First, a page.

If you are a serious sports fan, a fairly serious gambler or work in some aspect of high-finance, you may have heard your friends or co-workers kicking around the term “Calcutta auction”, particularly if its close to “March Madness” time (I first came across the Calcutta auction during my analyst years in I-banking). What the devil are they talking about you ask? Quite simply, a Calcutta auction is any auction occurring the Indian city of Calcutta. Kidding! (well, sort of, because technically that IS a correct definition). In the world of sports gambling, Calcutta auctions generally refer to a gambling pool where entrants “buy” teams (players, horses, etc.) in an auction-style format (I do not condone gambling for real money. Capital in this article refers to imaginary funds, or “points”). The easiest way to describe and understand this is to look at the most common modern-day example: the men’s college basketball tournament. Here is a very brief overview:
1. An auction time and location are selected
2. Since there are 64 teams (I know, I know…65 with the play-in game), there will be 64 teams up for auction
3. Teams come up for auction in a random order
4. Entrants begin bidding for the team currently on the auction block. In order for an entrant to “own” a given team, he must be the highest bidder at the end of the bidding round
5. There is no limit on the number of teams a bidder can buy
6. The number of games a team wins in the tournament determines the percentage of the pot the owner is awarded (early round wins are worth a much smaller % of the total pot than later round wins)
That is basically it for the semantics of the auction. Sounds simple, right? Well, in theory it is, in reality, however, Calcutta auctions are highly complex and involve a great deal valuation work (which is why its so popular with investment bankers, hedge fund analysts, P/E analysts, lawyers and anyone else involved in valuation work). If a Calcutta-style auction sounds interesting to you, keep on reading.
A Detailed Overview of Calcutta Auctions
Now that you know the basics of a Calcutta auction, lets dive a little deeper. I will present this example using a men’s college basketball Calcutta once again (keep in mind this info is just as applicable to any other sports…professional football is a pretty common Calcutta format as well).
So, the word is out that a men’s college basketball Calcutta is forming in your office / school / group of friends. If you are interested in participating, the first thing you will need to figure out is how large the pool size is targeted to be (or if you are organizing, how big you want it to be). Estimating the total size of the pool is a critical component to being successful in a Calcutta. You do not want to spend the majority of you capital on a single team, only to find out that that team represents 50% of the total pot. You will also want to determine the % payout of each win in a given round.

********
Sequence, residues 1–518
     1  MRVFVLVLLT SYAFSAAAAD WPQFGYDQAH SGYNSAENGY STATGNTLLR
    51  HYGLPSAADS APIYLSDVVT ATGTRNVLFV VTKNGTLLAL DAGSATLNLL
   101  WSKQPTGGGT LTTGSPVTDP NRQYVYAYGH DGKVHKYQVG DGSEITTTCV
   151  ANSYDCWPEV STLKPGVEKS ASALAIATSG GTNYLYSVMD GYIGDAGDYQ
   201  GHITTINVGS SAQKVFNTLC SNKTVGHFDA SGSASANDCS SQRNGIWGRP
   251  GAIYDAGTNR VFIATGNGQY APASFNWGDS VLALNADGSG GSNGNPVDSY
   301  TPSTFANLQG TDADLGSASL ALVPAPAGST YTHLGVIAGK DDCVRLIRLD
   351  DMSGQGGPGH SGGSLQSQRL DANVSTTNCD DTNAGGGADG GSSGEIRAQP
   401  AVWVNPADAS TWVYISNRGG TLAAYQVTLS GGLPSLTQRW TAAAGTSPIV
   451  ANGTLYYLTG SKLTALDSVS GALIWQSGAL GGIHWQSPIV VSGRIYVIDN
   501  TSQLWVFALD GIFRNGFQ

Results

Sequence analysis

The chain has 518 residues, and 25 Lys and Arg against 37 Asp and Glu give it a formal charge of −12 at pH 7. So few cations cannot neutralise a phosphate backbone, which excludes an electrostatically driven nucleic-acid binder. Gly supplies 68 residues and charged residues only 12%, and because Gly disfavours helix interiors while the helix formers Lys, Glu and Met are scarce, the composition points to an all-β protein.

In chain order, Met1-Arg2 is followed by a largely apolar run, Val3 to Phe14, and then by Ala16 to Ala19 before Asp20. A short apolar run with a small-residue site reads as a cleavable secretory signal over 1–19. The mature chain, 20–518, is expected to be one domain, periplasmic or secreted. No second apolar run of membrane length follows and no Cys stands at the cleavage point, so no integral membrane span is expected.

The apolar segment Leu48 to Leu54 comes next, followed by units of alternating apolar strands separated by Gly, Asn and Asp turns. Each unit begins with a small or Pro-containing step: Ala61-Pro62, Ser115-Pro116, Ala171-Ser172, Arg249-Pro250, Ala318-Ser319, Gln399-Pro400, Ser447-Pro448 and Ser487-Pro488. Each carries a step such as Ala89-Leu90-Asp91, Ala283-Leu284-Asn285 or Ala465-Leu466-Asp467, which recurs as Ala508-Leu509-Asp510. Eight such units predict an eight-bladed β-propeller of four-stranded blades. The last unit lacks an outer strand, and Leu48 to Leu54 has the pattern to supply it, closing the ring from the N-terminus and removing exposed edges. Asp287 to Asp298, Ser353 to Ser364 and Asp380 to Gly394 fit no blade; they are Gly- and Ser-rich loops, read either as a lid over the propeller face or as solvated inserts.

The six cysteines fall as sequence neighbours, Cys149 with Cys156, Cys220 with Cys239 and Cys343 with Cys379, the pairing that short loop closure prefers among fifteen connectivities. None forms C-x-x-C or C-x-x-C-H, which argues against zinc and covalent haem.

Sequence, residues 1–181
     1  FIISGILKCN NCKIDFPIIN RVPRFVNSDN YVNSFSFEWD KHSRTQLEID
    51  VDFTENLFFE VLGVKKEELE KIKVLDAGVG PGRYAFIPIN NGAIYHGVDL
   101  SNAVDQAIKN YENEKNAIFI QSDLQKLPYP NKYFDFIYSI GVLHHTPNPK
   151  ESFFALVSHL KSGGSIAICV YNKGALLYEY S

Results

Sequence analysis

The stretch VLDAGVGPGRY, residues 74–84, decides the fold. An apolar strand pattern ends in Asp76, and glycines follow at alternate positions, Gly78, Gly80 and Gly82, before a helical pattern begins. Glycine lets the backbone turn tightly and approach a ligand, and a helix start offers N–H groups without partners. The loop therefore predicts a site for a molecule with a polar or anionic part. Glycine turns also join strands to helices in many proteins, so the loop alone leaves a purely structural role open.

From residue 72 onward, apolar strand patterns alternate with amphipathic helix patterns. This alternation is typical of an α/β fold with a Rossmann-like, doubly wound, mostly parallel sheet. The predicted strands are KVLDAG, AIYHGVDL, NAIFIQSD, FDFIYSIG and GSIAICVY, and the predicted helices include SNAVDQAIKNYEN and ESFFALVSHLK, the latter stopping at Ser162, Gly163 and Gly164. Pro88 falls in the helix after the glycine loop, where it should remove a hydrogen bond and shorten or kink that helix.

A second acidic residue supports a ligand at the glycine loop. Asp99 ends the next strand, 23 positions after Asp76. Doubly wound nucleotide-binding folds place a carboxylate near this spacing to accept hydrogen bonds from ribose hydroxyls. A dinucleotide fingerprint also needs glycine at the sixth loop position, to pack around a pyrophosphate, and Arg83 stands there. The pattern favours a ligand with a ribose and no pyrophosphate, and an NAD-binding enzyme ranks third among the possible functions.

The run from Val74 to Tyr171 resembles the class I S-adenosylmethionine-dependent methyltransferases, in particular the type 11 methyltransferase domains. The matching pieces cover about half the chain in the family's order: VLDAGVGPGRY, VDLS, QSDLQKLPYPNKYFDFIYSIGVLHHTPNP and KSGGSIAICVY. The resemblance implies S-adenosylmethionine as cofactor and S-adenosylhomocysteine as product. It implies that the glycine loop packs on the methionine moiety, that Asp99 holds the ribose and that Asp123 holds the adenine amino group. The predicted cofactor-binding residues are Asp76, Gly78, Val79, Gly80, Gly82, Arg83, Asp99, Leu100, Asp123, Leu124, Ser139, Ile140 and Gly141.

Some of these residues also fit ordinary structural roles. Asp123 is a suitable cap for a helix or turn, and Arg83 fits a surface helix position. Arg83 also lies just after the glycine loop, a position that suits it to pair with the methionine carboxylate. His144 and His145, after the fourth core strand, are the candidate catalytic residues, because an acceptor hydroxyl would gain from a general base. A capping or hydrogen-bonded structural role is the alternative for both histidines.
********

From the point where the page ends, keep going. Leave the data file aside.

For example, if a team you own wins a first round game, it may only be worth 0.5% of the total pot. If they go on to win the championship, that final win may be worth, say, 10% of the pot. It is CRITICALLY IMPORTANT to understand that the total amount you spend on your teams is not an accurate representation of your at-risk capital. This is because the only way you could lose 100% of your capital is if NONE of your teams win a single game, which if you do your homework, is an incredibly unlikely scenario. If you are willing to lose a given amount, you should be willing to spend a decent amount more than that on your teams.
Your next, and most important step, is to do some research on the teams for which you will be bidding. The way people approach this step varies wildly. Some people rely on a “hunch”. Others go with team loyalty – e.g. I went to School X, therefore I HAVE to own them or I love the team’s mascot and want to root for his team. The last group of people, and generally the most successful, conduct sophisticated statistical analysis using complex excel models. The last group is able to approach the auction in the most objective way possible, as they aspire to ascribe “fair” values to teams. This is the approach I take and it has proven quite successful. Now that you have determined what teams you would like to own, its auction time.
The auction is generally conducted in person at a set time and place. The rules of the auction should be clearly spelled out beforehand (e.g. how to signal you want to bid, how long after the last bid you deem the bidding closed, etc.) to avoid any conflict. Each team will be put up for auction until all are sold (In some auctions, the 13-16 seeds are packaged as a single team). Let’s say you win the teams you wanted. What now?
Once the auction has wrapped up and you have your teams, most of the hard work is over, but the fun is just beginning. This is what it must feel like to be the owner of a professional sports team! You will be rooting for the teams you own harder than the school you graduated from (or are currently attending as the case may be). It’s a blast! You will also find yourself updating your cumulative winnings and trying to figure out how many more wins you need to break-even.
If you participate once, you will undoubtedly be hooked!
Source by Scott Fey